Resolving IRS disputes through audit reconsideration

Taxpayers may be able to apply for a “rework” of a previous audit.
By Alistair M. Nevius

Under the Internal Revenue Manual, the IRS has discretionary authority to evaluate prior audits conducted by its employees. This audit reconsideration represents a form of "rework" of a previous audit where some issues remain unresolved. In a typical audit reconsideration situation, the taxpayer believes that the audit resulted in an inappropriate increase in tax liability and thus refuses to pay the additional tax. Often, the taxpayer was not present at the audit, either because the taxpayer was unaware of it (did not receive the notice) or simply decided not to respond to the notice.

Audit reconsideration is a highly effective tool available to practitioners when evaluating the results of a prior audit, as well as when clients have not filed tax returns and the IRS has filed returns for them through the substitute for return process under Sec. 6020(b).

Practitioners should note several important elements when pursuing audit reconsideration. First, audit reconsideration is not available during an original IRS examination. Second, as an administrative process, audit reconsideration is discretionary; thus, the IRS has the power to decide which cases it will approve for audit reconsideration. By comparison, the Appeals function within the IRS generally grants taxpayers the right to have their case heard by an independent IRS representative. Third, the additional tax assessed by the IRS must remain unpaid; otherwise, the taxpayer will need to consider other options for seeking a refund. Finally, the taxpayer must have something "new" to offer the IRS for consideration, which typically comes in the form of new evidence, e.g., supporting documentation that was not previously considered by the examining agent.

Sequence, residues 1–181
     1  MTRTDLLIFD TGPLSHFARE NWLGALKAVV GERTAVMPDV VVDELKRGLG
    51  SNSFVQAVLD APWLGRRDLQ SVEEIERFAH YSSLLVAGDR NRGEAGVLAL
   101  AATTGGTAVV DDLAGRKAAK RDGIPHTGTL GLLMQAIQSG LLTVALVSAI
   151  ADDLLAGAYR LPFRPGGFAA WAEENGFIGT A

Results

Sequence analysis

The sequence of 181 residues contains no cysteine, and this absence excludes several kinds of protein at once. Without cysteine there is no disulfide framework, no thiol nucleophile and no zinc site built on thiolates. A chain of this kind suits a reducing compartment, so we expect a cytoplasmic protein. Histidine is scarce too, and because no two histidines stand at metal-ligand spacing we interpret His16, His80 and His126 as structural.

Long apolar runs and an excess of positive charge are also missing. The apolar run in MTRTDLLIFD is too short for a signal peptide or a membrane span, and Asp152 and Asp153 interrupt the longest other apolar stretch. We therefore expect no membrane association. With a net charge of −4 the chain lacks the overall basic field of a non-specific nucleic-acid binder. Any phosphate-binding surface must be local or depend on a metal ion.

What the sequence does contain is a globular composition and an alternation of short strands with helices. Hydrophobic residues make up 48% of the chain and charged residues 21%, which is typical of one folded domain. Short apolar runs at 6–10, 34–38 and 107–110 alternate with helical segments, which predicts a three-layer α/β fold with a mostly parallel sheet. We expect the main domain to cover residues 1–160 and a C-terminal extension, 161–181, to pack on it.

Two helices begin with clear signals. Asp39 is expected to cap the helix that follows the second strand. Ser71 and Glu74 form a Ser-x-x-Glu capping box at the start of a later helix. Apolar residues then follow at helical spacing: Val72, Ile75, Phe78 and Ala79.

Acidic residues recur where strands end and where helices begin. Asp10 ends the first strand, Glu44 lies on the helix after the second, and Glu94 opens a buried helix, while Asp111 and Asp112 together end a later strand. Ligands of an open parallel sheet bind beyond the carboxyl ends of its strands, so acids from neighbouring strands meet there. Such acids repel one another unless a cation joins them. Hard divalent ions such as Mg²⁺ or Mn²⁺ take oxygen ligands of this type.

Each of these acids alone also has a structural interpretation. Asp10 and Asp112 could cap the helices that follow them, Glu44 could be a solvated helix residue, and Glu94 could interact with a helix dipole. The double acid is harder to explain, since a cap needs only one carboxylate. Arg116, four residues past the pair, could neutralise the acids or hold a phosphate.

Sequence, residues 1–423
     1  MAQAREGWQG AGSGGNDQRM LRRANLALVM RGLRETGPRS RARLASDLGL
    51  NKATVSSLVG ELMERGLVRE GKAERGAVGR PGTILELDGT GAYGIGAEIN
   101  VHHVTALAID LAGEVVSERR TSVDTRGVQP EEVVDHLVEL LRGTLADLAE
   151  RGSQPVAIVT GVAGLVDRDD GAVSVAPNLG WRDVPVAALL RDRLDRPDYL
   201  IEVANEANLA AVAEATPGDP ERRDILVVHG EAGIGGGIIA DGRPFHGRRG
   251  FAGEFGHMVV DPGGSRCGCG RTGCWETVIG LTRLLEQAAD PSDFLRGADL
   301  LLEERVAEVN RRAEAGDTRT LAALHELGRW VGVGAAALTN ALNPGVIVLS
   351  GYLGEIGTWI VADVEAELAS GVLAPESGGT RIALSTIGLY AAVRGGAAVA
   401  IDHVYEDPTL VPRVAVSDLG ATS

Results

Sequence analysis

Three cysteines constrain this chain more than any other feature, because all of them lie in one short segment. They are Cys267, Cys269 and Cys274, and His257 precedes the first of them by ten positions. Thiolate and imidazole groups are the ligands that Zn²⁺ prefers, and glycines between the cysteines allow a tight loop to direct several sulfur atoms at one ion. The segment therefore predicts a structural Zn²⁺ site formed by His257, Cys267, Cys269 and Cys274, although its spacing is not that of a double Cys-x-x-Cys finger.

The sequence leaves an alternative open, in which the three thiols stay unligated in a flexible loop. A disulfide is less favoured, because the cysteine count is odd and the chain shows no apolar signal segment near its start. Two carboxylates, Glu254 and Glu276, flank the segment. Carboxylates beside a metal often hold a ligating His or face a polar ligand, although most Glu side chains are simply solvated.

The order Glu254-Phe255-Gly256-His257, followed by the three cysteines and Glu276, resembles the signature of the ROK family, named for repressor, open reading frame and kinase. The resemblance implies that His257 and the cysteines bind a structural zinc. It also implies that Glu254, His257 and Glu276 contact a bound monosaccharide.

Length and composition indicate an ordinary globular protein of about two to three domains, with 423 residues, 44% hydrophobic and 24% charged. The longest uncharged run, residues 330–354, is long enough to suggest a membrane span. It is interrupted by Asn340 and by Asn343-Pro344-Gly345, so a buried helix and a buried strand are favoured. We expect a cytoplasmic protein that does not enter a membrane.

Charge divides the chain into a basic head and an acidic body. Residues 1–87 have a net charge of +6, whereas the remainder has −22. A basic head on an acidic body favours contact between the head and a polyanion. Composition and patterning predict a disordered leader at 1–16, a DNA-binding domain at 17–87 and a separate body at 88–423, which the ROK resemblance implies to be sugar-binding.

The stated goals of the audit reconsideration process are to ensure:

  • The amount of assessed tax is correct;
  • The collection process is suspended while the reconsideration request is being considered;
  • That procedures support the abatement of assessments in appropriate situations; and
  • That cases are handled in a consistent manner.

What lessons can be derived from these goals? First, one can infer that the IRS is willing to work with taxpayers to help resolve tax disputes in a cost-efficient, timely manner. Second, it can be inferred that the IRS is interested in ensuring that the amount of tax assessed is correct. Third, taxpayers benefit from having the tax collection process suspended while the IRS considers their requests. Finally, the goals support the notion of fairness and consistency on the part of the IRS when considering an audit reconsideration request.


The taxpayer should send a written audit reconsideration request to the appropriate IRS office. Typically, the following documents should be submitted:

  • A statement about the issues the taxpayer contends should be corrected;
  • Information that supports the taxpayer's position, including necessary documents such as Forms 1099, canceled checks, bank statements, and loan documents; and
  • Copies of letters and reports the IRS sent the taxpayer (including, if available, a copy of the examination report, Form 4549, Income Tax Examination Changes).

The taxpayer should submit a request for audit reconsideration only if other options, such as filing a petition, have expired and are unavailable. The audit reconsideration package should be prepared and presented in the same manner as an Appeals notebook. A cover letter is included with the audit reconsideration.

For a detailed discussion of the issues in this area, see "Tax Practice & Procedures: Audit Reconsideration: An Effective Way of Resolving Disputes With the IRS," by David J. Hove, CPA, in the January 2016 issue of The Tax Adviser.

—By Alistair M. Nevius, editor-in-chief, The Tax Adviser

The Tax Adviser is the AICPA's monthly journal of tax planning, trends, and techniques. Also in the January issue:

  • A discussion of the tax aspects of hedging market risks.
  • An analysis of the Wynne decision's effect on state tax regimes.
  • A look at taxpayer misconceptions regarding noncash charitable contributions.


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